A dramatic clash between a Canada Goose and a Bald Eagle was captured on film a week ago, and while it wasn’t quite a redux of the War of 1812, it still managed to give patriots from both north and south of the 49th parallel a team to root for.
Photographer Lisa Bell was camping on Vancouver Island when she captured the avian throwdown. At first, the eagle looked to be winning, resting on top of an apparently stunned Canada Goose. Evidently, however, the goose was merely preparing a clever rope-a-dope defense, as the next few photos show the bird making a daring escape from its would-be predator. The eagle chased its meal to a nearby pond where, according to Bell, the goose dove deep underwater whenever the raptor approached until it eventually gave up and flew away.
While it’s not unheard of for a Bald Eagle to attack a goose in open water, says naturalist and Audubon Field Editor Kenn Kaufman, “[eagles] don't seem to have very good success at catching [geese]. Typically, the goose evades capture just the way this bird did.” He further notes that Bald Eagles mainly eat fish, but that their diet can vary greatly depending on what’s available and does sometimes include large birds like gulls, mallards and, yes, the occasional goose.
The Bald Eagle’s ignominious defeat wouldn’t have surprised natural scientist and founding father Benjamin Franklin. In his opinion, the eagle was “’a Bird of bad moral Character [who] does not get his Living honestly . . . he is generally poor and often very lousy. Besides he is a rank Coward.” In other words, America’s national bird may be all spit and vinegar when attacking a stunned or sleeping goose from behind, but would much prefer a meal of carrion than something that puts up a fight.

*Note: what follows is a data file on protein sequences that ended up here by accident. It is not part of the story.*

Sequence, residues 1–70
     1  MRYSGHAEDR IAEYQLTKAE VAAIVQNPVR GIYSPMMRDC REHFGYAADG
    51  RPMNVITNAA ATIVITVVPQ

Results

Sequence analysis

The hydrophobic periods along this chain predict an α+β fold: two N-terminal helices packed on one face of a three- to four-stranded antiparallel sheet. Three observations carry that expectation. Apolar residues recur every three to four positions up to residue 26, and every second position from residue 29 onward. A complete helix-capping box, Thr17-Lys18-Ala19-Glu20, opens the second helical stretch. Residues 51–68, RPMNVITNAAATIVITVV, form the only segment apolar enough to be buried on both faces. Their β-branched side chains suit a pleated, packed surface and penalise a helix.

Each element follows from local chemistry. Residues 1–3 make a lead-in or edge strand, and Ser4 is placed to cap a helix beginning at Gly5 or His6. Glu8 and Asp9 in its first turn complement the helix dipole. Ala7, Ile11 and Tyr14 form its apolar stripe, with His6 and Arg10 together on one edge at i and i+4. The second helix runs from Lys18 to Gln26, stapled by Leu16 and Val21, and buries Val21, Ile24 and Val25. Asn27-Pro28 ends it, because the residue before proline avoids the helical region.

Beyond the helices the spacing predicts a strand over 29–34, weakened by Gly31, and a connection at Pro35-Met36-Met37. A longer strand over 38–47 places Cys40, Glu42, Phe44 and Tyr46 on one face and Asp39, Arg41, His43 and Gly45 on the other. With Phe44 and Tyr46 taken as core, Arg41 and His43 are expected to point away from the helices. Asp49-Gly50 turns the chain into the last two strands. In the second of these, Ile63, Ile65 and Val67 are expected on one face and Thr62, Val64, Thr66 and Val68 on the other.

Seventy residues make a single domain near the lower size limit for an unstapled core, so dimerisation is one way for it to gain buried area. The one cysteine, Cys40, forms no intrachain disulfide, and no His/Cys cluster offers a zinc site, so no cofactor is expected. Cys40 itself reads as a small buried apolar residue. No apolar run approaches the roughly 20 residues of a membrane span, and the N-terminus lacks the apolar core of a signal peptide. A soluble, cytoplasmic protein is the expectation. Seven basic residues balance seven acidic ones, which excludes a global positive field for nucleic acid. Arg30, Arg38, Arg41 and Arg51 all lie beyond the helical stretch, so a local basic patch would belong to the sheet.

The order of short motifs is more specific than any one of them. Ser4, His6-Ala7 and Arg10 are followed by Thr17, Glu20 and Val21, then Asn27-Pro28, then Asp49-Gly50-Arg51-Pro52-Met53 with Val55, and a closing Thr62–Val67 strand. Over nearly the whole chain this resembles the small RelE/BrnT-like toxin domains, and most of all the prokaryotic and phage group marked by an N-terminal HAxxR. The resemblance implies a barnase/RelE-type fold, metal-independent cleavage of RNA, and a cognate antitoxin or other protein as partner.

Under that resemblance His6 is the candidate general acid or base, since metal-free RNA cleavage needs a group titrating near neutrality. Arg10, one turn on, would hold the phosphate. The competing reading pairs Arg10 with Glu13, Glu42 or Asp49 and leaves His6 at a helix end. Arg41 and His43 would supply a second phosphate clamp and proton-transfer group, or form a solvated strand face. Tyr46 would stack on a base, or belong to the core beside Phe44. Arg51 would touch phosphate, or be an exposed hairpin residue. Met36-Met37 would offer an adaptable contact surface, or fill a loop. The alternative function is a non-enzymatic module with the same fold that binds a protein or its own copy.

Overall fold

The Canada Goose, on the other hand, has a reputation for ferocity and courage in defense of its territory or family. This is true across many cultures—in China, for example, geese are a powerful symbol of marital fidelity, loyalty, and bravery. Perhaps most importantly, while geese may have an aggressive reputation, nobody has ever accused a goose of snatching and eating Mr. Whiskers.
The Bald Eagle is the U.S. national bird, and while Canucks haven't chosen a national bird yet (voting is still open), the Canada Goose has “Canada” right in the name. Determining what, if anything, these birds’ characteristics say about the character of the nations that they symbolize is left as an exercise for the reader, but hopefully this encounter doesn’t carry any deeper geopolitical symbolism. After all it’s worth noting that, as residents of Vancouver Island, both birds are most likely Canadian anyway.